Jakob Dylan knows there are some who would prefer to hear that making a record was a struggle. Some believe conflict and tension makes for better music. Not Dylan.
“People like to hear that there were fights and they like to hear that it was hard and it was really stressful,” the frontman of The Wallflowers said in a recent phone interview. “That doesn’t make better music. I never bought that rap. That’s just garbage. It can, but it doesn’t have to be miserable. Why do people have to be miserable to make records? Does that make music any better? I’ve been doing it a long time. I don’t know why people are going on about that.”
The latest Wallflowers CD, “Glad All Over,” seems to support Dylan’s argument that harmony within a band makes for better albums. The band shows renewed energy and a willingness to introduce some fresh dimensions into the group’s sound.
“This record was done in less than a month,” Dylan said. “It was a lot of work, and it was never laborious. It was a very positive month, and everybody was at a creative peak, at a high, and that’s what you hope for each time.”
For Wallflowers fans, this strong return to action is welcome news, considering the group had been on hiatus for nearly seven years, while Dylan stepped out as a solo artist, releasing two CDs and touring behind both releases.
That hiatus marked the end of a decade-long run of The Wallflowers’ considerable success, enabling Dylan to establish his own identity as a songwriter, not so easy when your father happens to be arguably the greatest songwriter of the rock era — Bob Dylan.
The Wallflowers broke through with its second album, the 1996 release, “Bringing Down The Horse.” With hit songs like “One Headlight,” “6th Avenue Heartache” and “Three Marlenas,” “Bringing Down The Horse” went on to sell four million copies.
The group saw its fortunes level off as its next two CDs, “Breach” (2000) and “Red Letter Days” (2003), failed to come even remotely close to the huge success of “Bringing Down The Horse.”
There were also internal issues that led to changes in guitarists and drummers. And while the group made a solid fifth album, 2005’s “Rebel, Sweetheart,” Dylan knew it was time for them to all take a break.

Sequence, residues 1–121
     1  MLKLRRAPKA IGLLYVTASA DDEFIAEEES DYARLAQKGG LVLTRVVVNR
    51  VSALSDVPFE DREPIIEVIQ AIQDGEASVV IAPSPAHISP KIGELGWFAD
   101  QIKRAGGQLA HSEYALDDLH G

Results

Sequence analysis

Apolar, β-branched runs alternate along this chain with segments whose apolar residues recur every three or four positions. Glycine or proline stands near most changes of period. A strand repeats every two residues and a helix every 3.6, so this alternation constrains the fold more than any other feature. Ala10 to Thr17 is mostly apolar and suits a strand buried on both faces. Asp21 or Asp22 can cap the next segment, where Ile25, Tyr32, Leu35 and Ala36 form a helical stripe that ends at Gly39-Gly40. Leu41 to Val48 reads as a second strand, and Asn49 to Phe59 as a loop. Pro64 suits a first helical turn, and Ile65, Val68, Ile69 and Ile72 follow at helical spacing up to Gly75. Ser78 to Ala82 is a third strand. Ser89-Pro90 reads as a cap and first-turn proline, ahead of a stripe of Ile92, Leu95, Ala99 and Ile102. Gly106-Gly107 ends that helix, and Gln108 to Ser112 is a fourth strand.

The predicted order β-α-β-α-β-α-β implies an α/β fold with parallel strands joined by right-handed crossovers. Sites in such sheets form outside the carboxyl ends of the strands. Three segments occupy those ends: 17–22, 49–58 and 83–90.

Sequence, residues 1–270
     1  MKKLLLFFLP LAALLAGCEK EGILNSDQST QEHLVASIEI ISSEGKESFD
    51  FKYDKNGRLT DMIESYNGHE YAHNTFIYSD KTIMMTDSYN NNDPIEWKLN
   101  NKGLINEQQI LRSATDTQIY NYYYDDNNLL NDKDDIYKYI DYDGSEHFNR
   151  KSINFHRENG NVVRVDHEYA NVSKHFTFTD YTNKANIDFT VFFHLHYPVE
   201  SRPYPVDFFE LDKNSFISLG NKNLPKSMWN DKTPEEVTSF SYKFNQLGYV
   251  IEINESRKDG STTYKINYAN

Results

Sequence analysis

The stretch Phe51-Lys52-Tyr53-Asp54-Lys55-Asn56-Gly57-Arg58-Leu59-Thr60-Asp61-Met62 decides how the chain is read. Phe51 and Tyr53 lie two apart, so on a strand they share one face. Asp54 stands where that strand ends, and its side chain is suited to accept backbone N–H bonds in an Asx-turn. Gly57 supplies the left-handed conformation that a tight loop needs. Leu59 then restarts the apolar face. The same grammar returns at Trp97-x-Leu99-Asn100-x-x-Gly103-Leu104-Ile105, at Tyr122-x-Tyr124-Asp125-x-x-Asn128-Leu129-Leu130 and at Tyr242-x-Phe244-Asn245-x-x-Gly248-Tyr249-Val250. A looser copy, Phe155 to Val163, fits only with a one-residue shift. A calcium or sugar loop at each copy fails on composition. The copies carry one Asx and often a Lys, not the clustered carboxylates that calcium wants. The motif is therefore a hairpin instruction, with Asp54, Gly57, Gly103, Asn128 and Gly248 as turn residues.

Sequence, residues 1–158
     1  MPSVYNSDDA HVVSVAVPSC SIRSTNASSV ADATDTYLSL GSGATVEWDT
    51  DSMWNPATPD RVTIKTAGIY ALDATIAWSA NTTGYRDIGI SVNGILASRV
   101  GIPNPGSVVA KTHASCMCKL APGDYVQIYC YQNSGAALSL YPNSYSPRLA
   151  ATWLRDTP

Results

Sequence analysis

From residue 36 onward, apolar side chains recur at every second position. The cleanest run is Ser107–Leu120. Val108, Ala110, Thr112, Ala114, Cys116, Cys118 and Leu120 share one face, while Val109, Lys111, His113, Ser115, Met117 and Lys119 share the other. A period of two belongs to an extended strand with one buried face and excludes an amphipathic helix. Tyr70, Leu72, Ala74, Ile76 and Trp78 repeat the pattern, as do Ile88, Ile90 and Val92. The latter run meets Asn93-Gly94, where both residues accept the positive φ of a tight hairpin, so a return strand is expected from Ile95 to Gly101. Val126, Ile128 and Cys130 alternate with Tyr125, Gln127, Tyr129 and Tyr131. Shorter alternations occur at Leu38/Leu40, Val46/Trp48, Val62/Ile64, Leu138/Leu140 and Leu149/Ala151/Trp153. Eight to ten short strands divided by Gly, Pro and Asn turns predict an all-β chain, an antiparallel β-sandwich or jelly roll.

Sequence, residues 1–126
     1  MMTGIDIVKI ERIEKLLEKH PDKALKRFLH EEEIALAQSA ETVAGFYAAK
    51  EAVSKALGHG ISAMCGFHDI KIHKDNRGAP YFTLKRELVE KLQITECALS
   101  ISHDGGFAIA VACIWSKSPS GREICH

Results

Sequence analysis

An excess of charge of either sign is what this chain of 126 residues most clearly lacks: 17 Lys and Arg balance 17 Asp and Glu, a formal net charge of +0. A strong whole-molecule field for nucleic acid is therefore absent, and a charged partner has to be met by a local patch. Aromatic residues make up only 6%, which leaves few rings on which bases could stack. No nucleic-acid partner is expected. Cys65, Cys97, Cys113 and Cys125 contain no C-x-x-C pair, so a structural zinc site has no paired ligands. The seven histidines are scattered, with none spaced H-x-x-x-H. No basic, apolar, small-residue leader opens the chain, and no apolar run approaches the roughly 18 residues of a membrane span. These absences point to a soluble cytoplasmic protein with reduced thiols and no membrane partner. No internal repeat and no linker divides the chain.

“Certainly after the last record, we got a little complacent,” he said of “Rebel, Sweetheart.” “Things felt a little stagnant within the group. So that’s why it was necessary to do different things.”
When the Wallflowers reconvened, guitarist Stuart Mathis and drummer Jack Irons (a former member of Red Hot Chili Peppers and Pearl Jam) joined original Flowers Dylan, keyboardist Rami Jaffee and bassist Greg Richling. There was also a different approach to making music: More than ever, the other band members got involved in the creative process.
“I brought a handful of songs,” Dylan said. “Everybody wanted to be more involved. I wanted a little bit of relief in the writing process.”
Some of the full band collaborations add new wrinkles to The Wallflowers’ sound.
“Reboot the Mission” intentionally tips its hat to The Clash,0 with its slinky beat and riffy rock sound. (Clash singer/guitarist Joe Strummer is saluted in the lyrics, and Clash guitarist Mick Jones appears on the track.) “Have Mercy on Him Now” has a strong element of Motown, and “Misfits & Lovers” is a chunky, frisky rocker.
Other songs, like “First One in the Car” and “One Set of Wings,” fall closer to the band’s signature rootsy mid-tempo pop sound that became familiar to listeners.
“I think there’s an identity to those [collaborative] songs that is different than the other ones,” Dylan said. “A song like ‘Reboot The Mission,’ I think you can probably imagine I didn’t write that by myself.”
The rocked-up songs add a bit of juice to The Wallflowers’ live show.
“For the first time, [we] spent some time thinking about playing this stuff live on tour,” Dylan said. “We’ve had records that have had a lot of mid-tempo songs, and that’s not making for a great show at some point.”